*Mieke van der Bijl-Brouwer, Delft University of Technology, the Netherlands
Cameron Tonkinwise, University of Technology Sydney, Australia
Frido Smulders, Delft University of Technology, the Netherlands
Rebecca Price, Delft University of Technology, the Netherlands
Frithjof Wegener, Delft University of Technology, the Netherlands
To be able to address the complex nature of today’s societal and economic problems, professional organisations recognise that traditional tools and approaches may not provide the required solutions. To innovate on complex challenges, many have turned to design approaches over the past decade, including both public (Bason, 2010) and private sector organisations. To increase design capabilities, these organisations have established innovation labs with designers, have recruited designers in strategic positions, and/or have started building the design capabilities of existing staff through educational programs, often provided by design consultancies.
So far there is limited evidence of the impact of design capability building within these sectors, although many seem to agree that workshops and short courses in design thinking do not lead to the required change. Furthermore, capability building programs do not always seem to build on contemporary educational and social theories of workplace learning, which highlight the social and complex nature of how professionals learn (Hager, 2011; Orlikowski, 2002).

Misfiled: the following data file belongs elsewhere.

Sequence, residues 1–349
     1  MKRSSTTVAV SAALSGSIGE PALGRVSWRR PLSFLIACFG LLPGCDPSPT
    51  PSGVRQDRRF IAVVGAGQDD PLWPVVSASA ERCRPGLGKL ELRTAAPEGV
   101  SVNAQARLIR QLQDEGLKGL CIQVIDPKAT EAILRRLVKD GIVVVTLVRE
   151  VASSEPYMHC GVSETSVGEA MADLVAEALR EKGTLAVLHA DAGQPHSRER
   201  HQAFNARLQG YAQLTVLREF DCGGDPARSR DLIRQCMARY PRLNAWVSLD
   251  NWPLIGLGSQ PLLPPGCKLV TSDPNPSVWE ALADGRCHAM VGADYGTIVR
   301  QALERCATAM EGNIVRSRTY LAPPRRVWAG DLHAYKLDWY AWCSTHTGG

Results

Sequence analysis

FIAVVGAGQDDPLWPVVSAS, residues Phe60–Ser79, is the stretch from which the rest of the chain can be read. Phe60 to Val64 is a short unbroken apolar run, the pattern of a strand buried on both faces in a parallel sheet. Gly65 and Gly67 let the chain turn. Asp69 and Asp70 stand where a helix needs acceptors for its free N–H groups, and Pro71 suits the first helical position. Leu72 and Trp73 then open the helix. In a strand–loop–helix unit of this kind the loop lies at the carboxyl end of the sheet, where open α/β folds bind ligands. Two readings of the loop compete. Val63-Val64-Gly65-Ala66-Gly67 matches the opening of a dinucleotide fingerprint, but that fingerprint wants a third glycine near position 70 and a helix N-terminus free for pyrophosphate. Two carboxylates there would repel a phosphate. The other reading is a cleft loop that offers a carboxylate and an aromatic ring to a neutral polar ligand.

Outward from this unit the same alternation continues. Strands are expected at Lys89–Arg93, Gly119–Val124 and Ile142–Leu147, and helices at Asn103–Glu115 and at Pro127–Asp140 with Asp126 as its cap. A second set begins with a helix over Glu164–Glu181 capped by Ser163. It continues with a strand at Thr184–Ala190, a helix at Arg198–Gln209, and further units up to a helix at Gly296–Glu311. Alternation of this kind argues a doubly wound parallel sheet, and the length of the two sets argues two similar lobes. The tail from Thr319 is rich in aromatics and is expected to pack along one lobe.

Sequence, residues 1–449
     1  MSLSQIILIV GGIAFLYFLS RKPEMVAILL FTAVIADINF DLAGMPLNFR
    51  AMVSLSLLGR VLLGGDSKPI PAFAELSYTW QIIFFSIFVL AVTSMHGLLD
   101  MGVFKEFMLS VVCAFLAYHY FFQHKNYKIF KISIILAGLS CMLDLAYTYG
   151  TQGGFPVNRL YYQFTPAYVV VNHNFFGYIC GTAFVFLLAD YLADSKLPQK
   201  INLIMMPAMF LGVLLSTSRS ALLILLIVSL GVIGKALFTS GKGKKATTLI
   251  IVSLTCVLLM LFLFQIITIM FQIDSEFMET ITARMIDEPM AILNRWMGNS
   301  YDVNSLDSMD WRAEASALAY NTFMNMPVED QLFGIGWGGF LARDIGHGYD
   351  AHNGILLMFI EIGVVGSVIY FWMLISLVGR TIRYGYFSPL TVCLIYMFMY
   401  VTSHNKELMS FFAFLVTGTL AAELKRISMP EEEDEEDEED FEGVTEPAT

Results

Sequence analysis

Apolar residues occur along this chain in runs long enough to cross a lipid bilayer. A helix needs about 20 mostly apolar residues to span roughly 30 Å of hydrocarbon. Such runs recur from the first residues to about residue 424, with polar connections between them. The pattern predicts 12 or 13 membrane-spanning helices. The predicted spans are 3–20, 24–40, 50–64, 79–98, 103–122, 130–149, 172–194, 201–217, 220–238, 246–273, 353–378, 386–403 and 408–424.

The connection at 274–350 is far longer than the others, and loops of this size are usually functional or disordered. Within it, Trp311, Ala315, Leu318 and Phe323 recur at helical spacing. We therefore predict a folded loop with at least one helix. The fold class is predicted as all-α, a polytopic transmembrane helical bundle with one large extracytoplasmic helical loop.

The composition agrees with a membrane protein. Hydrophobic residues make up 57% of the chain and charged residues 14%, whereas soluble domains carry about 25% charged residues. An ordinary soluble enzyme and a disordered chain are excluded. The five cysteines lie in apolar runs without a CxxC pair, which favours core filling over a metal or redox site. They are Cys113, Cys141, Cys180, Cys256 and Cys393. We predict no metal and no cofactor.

This situation is further complicated by the fact that design for complex societal problems differs from traditional design practices, and should be adapted to the needs of this ‘target field’ (Buchanan, 2015; Dorst ,2015). What is it then that professional organisations learn from design? And how can design capability be increased in these organisations (see e.g. Price, Wrigley, & Matthews, 2018)? In this track we are inviting contributions about increasing design capability and workplace learning within organisations. Topics include but are not limited to:
● Case studies of capability building in design in public/private innovation
● Theories of transdisciplinary design pedagogy & workplace learning
● Learning between organisations through networks and communities of practice
● Required adaptations of design practices to the public/private sector
Bason, C. (2010). Leading public sector innovation. Bristol, UK: The Policy Press.
Buchanan, R. (2015). Worlds in the making: Design, management, and the reform of organizational culture. She Ji: The Journal of Design, Economics, and Innovation, 1(1), 5–21. doi:10.1016/j.sheji.2015.09.003
Dorst, K. (2015). Frame creation and design in the expanded field. She Ji: The Journal of Design, Economics, and Innovation, 1(1), 22–33. doi:10.1016/j.sheji.2015.07.003
Hager, P. (2011). Theories of workplace learning. In M. Malloch, L. Cairns, K. Evans, & B. N. O’Conner (Eds.), The SAGE Handbook of Workplace Learning (pp. 17–31). London: SAGE Publications. doi:10.4135/9781446200940.n2
Orlikowski, W. J. (2002). Knowing in practice: Enacting a collective capability in distributed organizing. Organization Science, 13(3), 249–273. doi:10.1287/orsc.126.96.36.19976
Price, R., Wrigley, C., & Matthews, J. (2018). Action researcher to design innovation catalyst: Building design capability from within. Action Research, 66(1). doi:10.1177/1476750318781221